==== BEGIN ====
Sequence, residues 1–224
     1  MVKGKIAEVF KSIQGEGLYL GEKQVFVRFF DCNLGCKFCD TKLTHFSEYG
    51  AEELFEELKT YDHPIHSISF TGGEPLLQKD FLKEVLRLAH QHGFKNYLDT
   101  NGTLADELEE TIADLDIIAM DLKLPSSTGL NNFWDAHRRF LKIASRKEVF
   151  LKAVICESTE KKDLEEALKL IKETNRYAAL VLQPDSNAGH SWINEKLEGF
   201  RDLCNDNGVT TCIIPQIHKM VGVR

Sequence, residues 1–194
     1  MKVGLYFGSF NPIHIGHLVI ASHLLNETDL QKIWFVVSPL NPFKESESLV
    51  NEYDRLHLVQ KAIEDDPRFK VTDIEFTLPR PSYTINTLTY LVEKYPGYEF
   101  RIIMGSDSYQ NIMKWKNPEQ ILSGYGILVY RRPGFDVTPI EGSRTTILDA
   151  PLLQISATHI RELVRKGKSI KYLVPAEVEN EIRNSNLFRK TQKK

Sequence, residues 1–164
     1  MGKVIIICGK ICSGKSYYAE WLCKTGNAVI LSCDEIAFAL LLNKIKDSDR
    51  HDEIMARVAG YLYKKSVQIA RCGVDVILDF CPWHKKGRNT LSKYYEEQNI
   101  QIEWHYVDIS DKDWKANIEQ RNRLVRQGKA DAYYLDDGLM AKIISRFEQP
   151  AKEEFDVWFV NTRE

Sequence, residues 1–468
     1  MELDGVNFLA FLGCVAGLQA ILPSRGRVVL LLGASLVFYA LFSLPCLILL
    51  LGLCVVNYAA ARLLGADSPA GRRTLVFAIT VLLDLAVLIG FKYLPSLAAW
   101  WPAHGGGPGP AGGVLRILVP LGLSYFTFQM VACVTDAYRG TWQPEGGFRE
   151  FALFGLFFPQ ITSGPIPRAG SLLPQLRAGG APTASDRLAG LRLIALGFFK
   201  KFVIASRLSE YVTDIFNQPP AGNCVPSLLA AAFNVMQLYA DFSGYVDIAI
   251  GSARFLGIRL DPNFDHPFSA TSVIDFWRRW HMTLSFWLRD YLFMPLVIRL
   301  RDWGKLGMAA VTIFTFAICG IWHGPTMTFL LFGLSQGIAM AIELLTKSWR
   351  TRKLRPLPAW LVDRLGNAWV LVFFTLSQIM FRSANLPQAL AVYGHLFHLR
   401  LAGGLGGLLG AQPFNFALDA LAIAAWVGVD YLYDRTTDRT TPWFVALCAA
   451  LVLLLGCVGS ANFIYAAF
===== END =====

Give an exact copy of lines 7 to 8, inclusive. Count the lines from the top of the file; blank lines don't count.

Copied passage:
Sequence, residues 1–194
     1  MKVGLYFGSF NPIHIGHLVI ASHLLNETDL QKIWFVVSPL NPFKESESLV